A warm and friendly welcome awaits you at the Off The Tracks Festival, based in Castle Donington in Derbyshire. Held twice a year and celebrating its twenty-fifth anniversary in 2013, this small but perfectly formed festival offers up a revitalizing blend of sensory pleasure that will leave you uplifted and chomping on the bit for more of the same.
The pleasingly easy access in through the main gates and on to the camping area is made even more satisfying once you realize how short the walk into the main stage is! A couple of minutes walk from anywhere on site and you are in the courtyard area which is the heart of the gathering. Tibetan prayer flags, children playing, clothing stalls and Morris style dancers dressed up like members of Kiss all fuse together with the smell of real ale to create a vibrant and central meeting place. A joyous bubble in which to huddle!
Stemming off from this hub are the buildings which surround the courtyard area. The main building includes a fully licensed bar and food serving kitchen, both selling a good variety of food and drinks at reasonable prices. The bar prices, for instance, being largely similar to my local pubs, at around three pounds fifty a pint and the food averaging out at around four pounds per meal.
Off the Tracks also offers a great selection of real ales, ciders and perries at the Real Ale Bar which is just off from the main courtyard. Next to this bar is the Black Barn which serves as a great second stage and directly opposite to this is the Oak Room, an even smaller more intimate venue, ideal for acoustic acts. Further into the courtyard again is the Threshing Barn, a high ceilinged psychedelic performance area, the side of which opens onto the main stage. A giant marquee decorated with huge hanging decorations which are vibrated and illuminated periodically by a superb sound and lighting system.
Essentials are available outside the main area in a little alternative space which allows for a peaceful break away from the main throng. A corner shop, Thai food seller, Creperie and stalls selling vegetarian options are close at hand too.
Make sure to pass on through to The Energy Orchard for some down time. Meditation, Tai Chi, Yoga and all sorts of relaxing treatments and therapies are performed in this very peaceful spot. All in perfect synchrony with the background drone of didgeridoo and the sound of the occasional conch shell.
All other amenities are as you would expect at any modern festival. The First Aid point is conveniently located near the entrance into the main arena along with great washing and toilet facilities. There’s a very nice little market too, selling everything from army surplus gasmasks to handmade books from India, and lots of other little treasures.
But, let’s not get carried away with the banalities of festival life. There’s one thing above all that is most important and that’s the music. And the organizers of Off the Tracks did not disappoint this summer! A very diverse and eclectic mix of styles and sounds were on offer, which, for this reviewer, made the weekend very special.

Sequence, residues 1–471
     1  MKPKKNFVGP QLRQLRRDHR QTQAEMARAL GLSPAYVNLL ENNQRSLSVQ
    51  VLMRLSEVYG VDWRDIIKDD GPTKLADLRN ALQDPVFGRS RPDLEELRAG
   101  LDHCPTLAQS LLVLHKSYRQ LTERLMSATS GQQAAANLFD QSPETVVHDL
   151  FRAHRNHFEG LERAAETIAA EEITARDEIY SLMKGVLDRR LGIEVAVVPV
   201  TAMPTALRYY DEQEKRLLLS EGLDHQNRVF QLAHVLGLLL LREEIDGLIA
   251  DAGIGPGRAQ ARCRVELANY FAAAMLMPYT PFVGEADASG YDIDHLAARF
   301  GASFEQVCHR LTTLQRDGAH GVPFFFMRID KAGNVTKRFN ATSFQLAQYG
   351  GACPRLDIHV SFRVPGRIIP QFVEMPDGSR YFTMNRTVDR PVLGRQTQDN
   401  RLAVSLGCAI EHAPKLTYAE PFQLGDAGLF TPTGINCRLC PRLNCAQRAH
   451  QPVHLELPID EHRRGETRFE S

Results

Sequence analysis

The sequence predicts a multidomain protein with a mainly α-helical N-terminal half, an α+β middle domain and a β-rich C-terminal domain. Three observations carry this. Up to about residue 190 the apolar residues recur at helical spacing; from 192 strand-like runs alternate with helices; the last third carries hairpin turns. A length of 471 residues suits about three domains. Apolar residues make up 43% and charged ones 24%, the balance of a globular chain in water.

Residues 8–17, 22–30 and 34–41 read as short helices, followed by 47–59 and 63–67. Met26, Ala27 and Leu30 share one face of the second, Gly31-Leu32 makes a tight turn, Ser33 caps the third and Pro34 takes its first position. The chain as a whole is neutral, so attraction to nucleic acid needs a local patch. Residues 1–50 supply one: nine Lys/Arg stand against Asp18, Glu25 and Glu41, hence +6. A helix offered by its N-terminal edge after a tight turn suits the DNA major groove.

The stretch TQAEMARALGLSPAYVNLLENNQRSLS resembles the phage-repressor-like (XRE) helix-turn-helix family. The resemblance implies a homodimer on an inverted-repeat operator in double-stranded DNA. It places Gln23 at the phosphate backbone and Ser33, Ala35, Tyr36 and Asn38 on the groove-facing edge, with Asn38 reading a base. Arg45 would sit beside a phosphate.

The very first act I caught was a young band called Hot Feet, in the Black Barn. Their singer positively glowing with energy, they offered a refreshing and vibrant introduction to the festival. Following them were Two Man Ting, blending African melodies and Djembe drum patterns with reggae guitar loops. This duo somehow made me dance in ways I never have before!
Over by the main stage on Friday, the anticipation for the Ozric Tentacles was palpable. The drums kicked in and were infectious and their female bass player nailed the sound to the floor. A good performance, which was best during its moments of reggae dubbiness.
A real treat later on Friday was a duo called Blackwater, in the Oak Room. They drew everyone in with their blues and Cajun mix, closer and closer, until they were surrounded by dancers like moths around a street lamp.
Saturday started slowly but developed into a corker with stand out performances from singer songwriter Stuart Forester in the Black Barn and Ferocious Dog who got the main stage crowd moshing and really engaged the crowd like great bands always should!
But everyone in the main stage was waiting for one thing only… the bass to drop! And Dreadzone certainly delivered, pushing the sound system to its limits with their singer waving his stick at the crowd, stirring them up into a frenzy! A real treat to see so many good bass players over the weekend but Dreadzone’s bass is heavy! And the crowd responded to that guttural vibration!
An alternative to the main stage, back at the Black Barn, was The PO Boys. Playing Cajun music like their lives depended on it and for me, one of the highlights of the entire weekend; I can’t recommend these guys enough, Especially as this was their first ever gig. Wonderful music that any crowd worldwide would appreciate! A great way to round off Saturday!
Sunday’s program of music seemed designed to nurse everyone through their hangovers. Melbourne Town Brass Band giving a touching performance and gently soothing the whole spirit of the festival. Two more acts followed in this chilled vibe. Tang offering up soundscapes drizzled with atmospheric guitar sounds, Tyde, capturing beautifully the unity to be found in between musical instruments. The icing on the cake was John Otway. A fantastically entertaining end to the festival, with double necked guitars and a Theremin thrown in for good measure!
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Off the Tracks 2019 Review